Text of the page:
Wednesday, May 03, 2006

Loose Associations

[Posted by ClinkShrink]

"If I hadn't been picked up I'd be dead out there."

Most psychiatrists don't hear patients talking about their relief at getting arrested. Certainly incarceration isn't discussed in any positive light in the media. In the past week three of my patients expressed relief about their incarceration. It was an admission that their lives had become out of control. In one case, a family member called the police knowing that it would be the only way for the patient to get "cleaned up and get the help I needed". People would argue that if there were enough "treatment-on-demand" substance abuse beds this would obviate the need for arrests, but from direct inmate experience I can tell you that many of my patients would not willingly go to treatment. Whether or not incarceration is a cost-effective intervention is up for the economists to decide. All I can tell you is that this week it was life-saving.

"And now for something completely different..."

One Oregon correctional facility found a way to turn vocational training into e-commerce. Prison Blues sells denim clothing manufactured by prisoners in the Oregon Department of Corrections. The company's theme is "made on the inside, to be worn on the outside". The catalog once featured inmates themselves as models, with their offenses listed along with the clothing information.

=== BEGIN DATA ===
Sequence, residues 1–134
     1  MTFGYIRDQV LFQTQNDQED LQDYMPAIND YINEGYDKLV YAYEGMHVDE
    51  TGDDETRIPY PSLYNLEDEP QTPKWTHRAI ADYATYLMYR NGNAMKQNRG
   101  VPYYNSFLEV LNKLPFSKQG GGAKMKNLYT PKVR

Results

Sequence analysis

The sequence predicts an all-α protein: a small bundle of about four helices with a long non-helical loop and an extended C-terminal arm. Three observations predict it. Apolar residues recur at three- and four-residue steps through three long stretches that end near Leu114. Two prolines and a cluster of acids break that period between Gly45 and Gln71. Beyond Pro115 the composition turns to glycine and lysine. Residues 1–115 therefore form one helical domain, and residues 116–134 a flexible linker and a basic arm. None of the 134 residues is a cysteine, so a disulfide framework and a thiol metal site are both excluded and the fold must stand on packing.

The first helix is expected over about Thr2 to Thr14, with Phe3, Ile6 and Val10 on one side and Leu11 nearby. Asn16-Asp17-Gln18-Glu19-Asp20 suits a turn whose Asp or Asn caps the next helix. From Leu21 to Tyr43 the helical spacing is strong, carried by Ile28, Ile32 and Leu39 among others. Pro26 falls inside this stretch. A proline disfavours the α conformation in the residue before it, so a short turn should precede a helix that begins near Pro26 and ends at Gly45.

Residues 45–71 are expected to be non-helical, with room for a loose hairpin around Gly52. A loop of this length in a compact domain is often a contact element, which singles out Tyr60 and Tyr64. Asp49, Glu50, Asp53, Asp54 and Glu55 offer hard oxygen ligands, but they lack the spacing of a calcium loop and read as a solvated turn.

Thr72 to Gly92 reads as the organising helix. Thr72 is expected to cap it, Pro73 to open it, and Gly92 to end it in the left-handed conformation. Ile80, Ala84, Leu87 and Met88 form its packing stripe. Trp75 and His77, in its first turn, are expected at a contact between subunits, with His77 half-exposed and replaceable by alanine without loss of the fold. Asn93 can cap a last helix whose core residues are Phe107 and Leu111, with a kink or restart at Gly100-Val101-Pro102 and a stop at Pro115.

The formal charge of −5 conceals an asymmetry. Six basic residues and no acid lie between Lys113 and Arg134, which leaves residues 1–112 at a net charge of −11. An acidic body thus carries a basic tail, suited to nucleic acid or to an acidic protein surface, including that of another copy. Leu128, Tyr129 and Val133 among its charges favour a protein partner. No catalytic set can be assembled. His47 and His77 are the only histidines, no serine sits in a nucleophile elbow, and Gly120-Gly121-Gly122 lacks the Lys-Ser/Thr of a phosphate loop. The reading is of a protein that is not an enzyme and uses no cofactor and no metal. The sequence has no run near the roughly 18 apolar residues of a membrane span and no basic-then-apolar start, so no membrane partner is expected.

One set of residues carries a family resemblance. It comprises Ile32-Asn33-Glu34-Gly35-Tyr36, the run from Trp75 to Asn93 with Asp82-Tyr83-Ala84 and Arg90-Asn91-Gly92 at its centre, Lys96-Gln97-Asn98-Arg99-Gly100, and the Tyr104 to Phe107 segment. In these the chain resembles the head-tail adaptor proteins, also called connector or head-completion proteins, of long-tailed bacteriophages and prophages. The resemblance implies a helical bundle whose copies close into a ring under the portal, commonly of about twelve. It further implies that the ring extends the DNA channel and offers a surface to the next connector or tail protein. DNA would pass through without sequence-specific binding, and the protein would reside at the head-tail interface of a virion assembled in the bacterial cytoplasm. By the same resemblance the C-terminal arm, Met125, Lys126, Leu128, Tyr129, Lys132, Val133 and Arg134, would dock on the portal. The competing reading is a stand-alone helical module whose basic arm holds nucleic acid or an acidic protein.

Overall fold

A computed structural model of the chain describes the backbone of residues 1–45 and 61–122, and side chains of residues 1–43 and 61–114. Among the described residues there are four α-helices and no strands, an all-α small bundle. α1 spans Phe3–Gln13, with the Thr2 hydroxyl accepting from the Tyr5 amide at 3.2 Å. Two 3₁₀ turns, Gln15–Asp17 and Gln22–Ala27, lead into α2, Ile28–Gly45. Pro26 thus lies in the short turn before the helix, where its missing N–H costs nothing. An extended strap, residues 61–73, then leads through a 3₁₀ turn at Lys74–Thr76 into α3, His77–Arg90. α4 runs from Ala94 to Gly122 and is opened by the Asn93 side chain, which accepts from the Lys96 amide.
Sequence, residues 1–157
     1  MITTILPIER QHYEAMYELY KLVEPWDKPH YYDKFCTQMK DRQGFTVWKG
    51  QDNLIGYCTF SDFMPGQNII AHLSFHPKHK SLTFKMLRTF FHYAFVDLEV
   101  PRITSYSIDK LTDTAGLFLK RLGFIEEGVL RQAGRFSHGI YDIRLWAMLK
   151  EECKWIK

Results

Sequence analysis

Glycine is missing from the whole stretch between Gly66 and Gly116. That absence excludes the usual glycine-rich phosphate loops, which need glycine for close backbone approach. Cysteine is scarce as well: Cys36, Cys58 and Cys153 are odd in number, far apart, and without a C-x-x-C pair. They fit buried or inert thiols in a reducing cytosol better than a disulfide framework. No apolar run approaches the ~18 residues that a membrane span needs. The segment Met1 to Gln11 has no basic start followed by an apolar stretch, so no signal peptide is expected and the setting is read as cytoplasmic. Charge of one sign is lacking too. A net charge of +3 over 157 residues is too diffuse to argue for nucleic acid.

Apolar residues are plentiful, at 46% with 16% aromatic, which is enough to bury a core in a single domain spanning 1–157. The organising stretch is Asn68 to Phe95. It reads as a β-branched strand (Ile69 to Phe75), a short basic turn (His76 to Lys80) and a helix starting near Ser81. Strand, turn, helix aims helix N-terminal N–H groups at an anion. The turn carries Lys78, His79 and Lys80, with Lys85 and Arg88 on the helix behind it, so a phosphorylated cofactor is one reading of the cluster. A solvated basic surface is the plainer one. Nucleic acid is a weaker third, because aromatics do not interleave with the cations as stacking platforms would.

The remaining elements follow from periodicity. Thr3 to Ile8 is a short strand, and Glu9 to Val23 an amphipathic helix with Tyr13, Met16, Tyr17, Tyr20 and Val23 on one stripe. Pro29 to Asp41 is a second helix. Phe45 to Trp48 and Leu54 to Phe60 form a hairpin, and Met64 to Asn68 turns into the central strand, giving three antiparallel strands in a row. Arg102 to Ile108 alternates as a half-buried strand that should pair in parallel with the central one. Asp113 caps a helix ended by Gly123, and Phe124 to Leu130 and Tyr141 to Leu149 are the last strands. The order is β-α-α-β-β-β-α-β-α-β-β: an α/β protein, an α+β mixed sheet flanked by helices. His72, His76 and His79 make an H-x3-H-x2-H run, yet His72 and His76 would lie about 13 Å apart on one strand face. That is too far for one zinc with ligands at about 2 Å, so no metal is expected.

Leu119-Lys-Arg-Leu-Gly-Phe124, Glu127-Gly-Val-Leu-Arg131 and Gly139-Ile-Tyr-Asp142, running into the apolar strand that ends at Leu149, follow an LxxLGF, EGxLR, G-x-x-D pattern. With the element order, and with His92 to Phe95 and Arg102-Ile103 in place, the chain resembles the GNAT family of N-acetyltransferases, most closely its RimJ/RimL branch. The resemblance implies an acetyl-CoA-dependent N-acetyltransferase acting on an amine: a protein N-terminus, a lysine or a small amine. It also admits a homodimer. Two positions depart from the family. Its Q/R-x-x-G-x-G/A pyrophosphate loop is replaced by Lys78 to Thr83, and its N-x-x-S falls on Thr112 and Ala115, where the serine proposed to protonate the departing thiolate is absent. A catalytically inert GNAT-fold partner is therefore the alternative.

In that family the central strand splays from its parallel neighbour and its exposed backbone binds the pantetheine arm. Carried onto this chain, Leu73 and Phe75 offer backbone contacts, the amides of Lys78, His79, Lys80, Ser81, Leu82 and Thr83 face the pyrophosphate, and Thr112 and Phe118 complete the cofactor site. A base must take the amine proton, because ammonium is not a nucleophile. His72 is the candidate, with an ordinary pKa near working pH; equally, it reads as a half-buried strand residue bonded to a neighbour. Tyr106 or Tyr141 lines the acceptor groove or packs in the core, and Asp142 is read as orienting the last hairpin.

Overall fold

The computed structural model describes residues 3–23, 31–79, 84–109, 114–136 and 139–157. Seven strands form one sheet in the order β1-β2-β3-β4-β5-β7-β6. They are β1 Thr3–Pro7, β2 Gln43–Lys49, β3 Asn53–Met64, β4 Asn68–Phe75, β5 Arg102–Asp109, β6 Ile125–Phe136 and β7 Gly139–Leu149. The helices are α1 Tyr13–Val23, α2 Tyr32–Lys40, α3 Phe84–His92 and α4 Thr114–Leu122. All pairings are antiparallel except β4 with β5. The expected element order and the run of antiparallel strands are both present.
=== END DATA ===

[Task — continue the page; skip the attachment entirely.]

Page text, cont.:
Anonymous said...

I don't know about the Prison Chic look, but I sometimes tell patients and families that, since the patient is unable to circling the drain with drugs, the only option left is to get arrested and then plead with the judge to get them help.

I also strongly encourage NarAnon or AlAnon, but the family almost never seems convinced that this is important (and I suspect rarely ever take up that advice). I tell them that they can learn how others have managed to help their family member, but the usual refrain is: "I'm not the one with the problem." [To which I usually reply, "Then why are you here?"]

MT said...

What do you think of life in solitary confinement as a punishment? That's what's awaiting Moussaoui according to Herzberg in the New Yorker. But I suppose our system doesn't use solitary on people it's trying to rehabilitate, to the extent that includes anybody.

MT said...

I'm not a shrink BTW.